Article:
saw him about to pull out a gun. He was fuming mad at us. He thought we [Bantay Santuaryo volunteers] were only securing the areas because we wanted to keep the waters to ourselves, that the MPA grounds were ours alone to fish. After calming down the erring fisher, we educated him about the need for MPAs and how it eventually works to their advantage, said Taraji. Even when his and his fellow fishers lives have been put on the line, Taraji believes the risk is nothing compared to the benefits of stronger enforcement: We witnessed firsthand how the fish gradually increased in volume, he said. The mangroves have grown in size and number. For Panglima Sugala, sustainability of its enforcement efforts would not be so much of a challenge that they are ready to look outwards. For one, he shared they are just steps closer to formalizing the expansion an existing alliance of municipalities with marine sanctuaries along Tawi-Tawi Bay. Through the facilitation of USAIDs current ECOFISH Project, Salih said, the alliance has grown to seven municipalities from just three. If these municipalities would have enforcement problems, wed be willing to lend our patrol force. The alliance, he added, will also provide us a venue to share each others best practices in enforcement. Pagpapahinga: Closed Season to Open Minds on Marine Conservation Balayan Bay, a part of the Verde Island Passage marine key biodiversity area, has long been plagued by illegal fishing activities and overfishing due to the continuing rise in the number of commercial fishing vessels in the Bay. Some encroaching of fishing boats come from as far as Navotas and Malabon. Long-time fisherfolk have observed the continued decline in fish caught in the Bay. The problem had become so pervasive that several commercial fishers from Calatagan suggested stopping fishing operations for a while to help the fish regenerate. Sadyang sa amin nanggaling. Nakikita [ng mga commercial fishers] na pag ipinahinga yung dagat at pag hindi nahuli yung mga nangingitlog na isda, e may chance talaga na dumami yung isda, Emelyn Custodio, the Calatagan Municipal Agriculturist says. But as she also mentions in another interview, their problem was how to implement it. Pero kailan dapat? Anong gear ang nakakaapekto? Aling species ang kailangang itigil muna ang panghuhuli? Local scientists agreed there was a need for a seasonal closure in Balayan Bay. With Conservation International Philippines, USAID, and other partners conducting a study to identify which months of the year and which species would be part of the closed season, Custodios questions were answered. The results of the study were presented to the technical working group composed of representatives of the province, municipalities and all stakeholder groups. On the strength of that study, nine municipalities Bauan, Balayan, Calaca, Calatagan, Lemery, Mabini, San Luis, Tingloy and Taal decided to let the bay rest (pagpapahinga). On December 11, 2014, the first cycle of the closed season in Balayan Bay began. The closure lasted for twenty days, until December 31, 2014. During that period, no commercial fishing vessels could operate in its waters, giving the galunggong and the matambaka, two species that call Balayan Bay home, time to breed and spawn. This was a very difficult experiment, made even more challenging because the closure fell on Christmas season, when fishing families rely on their meager income to celebrate the holidays. Nevertheless, the affected fishers made the sacrifice. The boat owners could weather the closure because they has savings or other income sources. They crew members were at a loss. The technical working group foresaw this early on and tried to find a solution. With the help of the Department of Social Welfare and Development (DSWD), affected crew members were engaged in a cash-for-work arrangement, where they reported to their LGU to do work related to environmental protection, such as coastal clean-up. In exchange, DSWD provided funds to pay for the work. For the most part, there were few violations during the closed season, with some municipalities claiming zero violations. The success of the first year implementation of the closed season has emboldened the LGUs to continue yearly for the succeeding six years. They also committed to conduct a review of its impact of the closure on fish stocks and livelihoods. In the weeks after the first closure, fishers were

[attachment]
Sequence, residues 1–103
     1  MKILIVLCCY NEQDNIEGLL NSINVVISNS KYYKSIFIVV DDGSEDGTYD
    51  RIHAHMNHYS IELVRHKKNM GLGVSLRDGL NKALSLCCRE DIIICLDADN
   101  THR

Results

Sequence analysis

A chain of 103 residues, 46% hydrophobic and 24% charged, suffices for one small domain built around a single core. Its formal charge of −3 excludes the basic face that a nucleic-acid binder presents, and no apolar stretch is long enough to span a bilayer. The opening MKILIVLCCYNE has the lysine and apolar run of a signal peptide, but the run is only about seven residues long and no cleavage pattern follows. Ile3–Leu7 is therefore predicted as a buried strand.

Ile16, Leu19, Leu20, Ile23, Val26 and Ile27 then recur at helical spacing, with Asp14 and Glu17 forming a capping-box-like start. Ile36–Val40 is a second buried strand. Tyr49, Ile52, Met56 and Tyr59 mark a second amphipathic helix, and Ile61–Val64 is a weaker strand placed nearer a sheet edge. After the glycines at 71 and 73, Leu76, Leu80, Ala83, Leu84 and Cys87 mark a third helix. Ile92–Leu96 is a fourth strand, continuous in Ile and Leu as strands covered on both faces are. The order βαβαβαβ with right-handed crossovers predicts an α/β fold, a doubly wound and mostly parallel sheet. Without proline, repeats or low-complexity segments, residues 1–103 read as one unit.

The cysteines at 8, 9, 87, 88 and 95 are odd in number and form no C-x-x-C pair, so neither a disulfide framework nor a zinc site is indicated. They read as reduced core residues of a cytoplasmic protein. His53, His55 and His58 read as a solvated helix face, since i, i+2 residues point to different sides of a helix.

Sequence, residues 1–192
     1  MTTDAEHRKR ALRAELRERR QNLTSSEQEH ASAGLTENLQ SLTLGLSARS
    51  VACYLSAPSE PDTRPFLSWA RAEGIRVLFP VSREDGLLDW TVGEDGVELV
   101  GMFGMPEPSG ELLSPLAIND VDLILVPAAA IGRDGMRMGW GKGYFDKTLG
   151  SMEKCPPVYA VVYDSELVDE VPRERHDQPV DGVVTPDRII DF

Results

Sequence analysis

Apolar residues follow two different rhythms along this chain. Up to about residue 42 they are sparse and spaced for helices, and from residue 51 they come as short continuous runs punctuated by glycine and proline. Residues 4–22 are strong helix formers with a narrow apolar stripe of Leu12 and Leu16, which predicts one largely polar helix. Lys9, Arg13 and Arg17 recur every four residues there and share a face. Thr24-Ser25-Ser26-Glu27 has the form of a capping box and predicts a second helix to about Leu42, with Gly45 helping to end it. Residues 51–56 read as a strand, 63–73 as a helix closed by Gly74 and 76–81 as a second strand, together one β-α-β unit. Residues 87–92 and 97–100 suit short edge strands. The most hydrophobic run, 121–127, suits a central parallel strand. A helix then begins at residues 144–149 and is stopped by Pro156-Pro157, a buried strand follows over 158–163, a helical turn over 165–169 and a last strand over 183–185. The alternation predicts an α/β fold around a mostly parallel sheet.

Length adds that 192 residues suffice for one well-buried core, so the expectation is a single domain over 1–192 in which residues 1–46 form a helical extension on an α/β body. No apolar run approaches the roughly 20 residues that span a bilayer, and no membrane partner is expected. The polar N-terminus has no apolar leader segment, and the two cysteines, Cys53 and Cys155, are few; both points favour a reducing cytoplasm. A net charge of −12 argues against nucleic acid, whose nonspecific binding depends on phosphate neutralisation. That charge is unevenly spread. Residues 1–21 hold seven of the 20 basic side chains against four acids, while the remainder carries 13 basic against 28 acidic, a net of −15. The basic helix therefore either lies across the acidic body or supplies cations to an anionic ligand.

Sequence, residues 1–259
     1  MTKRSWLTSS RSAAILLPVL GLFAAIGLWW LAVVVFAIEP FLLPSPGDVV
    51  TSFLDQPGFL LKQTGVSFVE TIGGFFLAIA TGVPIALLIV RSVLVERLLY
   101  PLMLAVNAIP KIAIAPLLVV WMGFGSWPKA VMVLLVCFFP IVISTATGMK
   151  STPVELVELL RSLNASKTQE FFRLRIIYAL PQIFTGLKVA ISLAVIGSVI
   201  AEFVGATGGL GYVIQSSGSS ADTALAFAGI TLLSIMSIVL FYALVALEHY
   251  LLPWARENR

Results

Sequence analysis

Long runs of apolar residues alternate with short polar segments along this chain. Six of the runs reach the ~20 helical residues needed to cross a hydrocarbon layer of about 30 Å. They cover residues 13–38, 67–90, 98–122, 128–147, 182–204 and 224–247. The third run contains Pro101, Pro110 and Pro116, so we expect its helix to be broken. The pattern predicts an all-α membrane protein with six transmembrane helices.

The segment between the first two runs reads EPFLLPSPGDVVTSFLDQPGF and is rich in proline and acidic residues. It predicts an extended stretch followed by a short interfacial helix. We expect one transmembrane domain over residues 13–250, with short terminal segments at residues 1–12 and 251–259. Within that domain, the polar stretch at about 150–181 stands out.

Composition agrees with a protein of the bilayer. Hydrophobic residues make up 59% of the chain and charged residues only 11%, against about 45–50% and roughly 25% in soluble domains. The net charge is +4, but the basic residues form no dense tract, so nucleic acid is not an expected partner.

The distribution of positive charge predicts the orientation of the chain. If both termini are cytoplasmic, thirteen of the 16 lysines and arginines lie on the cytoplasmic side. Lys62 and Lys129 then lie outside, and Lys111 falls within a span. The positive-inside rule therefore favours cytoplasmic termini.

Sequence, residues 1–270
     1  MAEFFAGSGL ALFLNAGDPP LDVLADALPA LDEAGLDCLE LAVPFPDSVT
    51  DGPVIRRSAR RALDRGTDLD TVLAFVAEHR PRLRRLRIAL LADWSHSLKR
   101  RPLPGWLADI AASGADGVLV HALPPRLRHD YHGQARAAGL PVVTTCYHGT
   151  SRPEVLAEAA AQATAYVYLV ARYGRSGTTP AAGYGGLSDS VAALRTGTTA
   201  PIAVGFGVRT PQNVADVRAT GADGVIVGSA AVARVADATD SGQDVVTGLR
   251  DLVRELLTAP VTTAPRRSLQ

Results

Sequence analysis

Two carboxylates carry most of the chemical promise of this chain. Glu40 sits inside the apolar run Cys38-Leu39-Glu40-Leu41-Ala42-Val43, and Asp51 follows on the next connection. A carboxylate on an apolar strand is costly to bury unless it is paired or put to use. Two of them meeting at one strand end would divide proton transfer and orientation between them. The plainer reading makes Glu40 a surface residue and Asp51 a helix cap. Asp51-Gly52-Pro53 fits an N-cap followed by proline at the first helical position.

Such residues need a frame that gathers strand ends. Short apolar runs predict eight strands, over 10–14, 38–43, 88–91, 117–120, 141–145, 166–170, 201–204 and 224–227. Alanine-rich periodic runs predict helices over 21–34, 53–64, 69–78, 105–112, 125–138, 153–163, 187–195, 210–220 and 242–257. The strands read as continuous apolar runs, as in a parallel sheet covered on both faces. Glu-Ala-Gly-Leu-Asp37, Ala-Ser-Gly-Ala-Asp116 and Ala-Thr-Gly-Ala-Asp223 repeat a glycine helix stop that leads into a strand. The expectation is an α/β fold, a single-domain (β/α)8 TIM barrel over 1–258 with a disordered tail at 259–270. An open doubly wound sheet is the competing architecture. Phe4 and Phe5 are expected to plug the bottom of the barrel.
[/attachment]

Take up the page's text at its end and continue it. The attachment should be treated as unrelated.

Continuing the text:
already reporting an increase in fish catch. There was also many reports that dulong (juvenile fish) was in abundance. Baywatch: La Unions Fight against Illegal Fishing One of the greatest threats that the Lingayen Gulf Marine Key Biodiversity Area (MKBA) has to tackle is the rise of illegal fishing activities. From destructive practices such as blas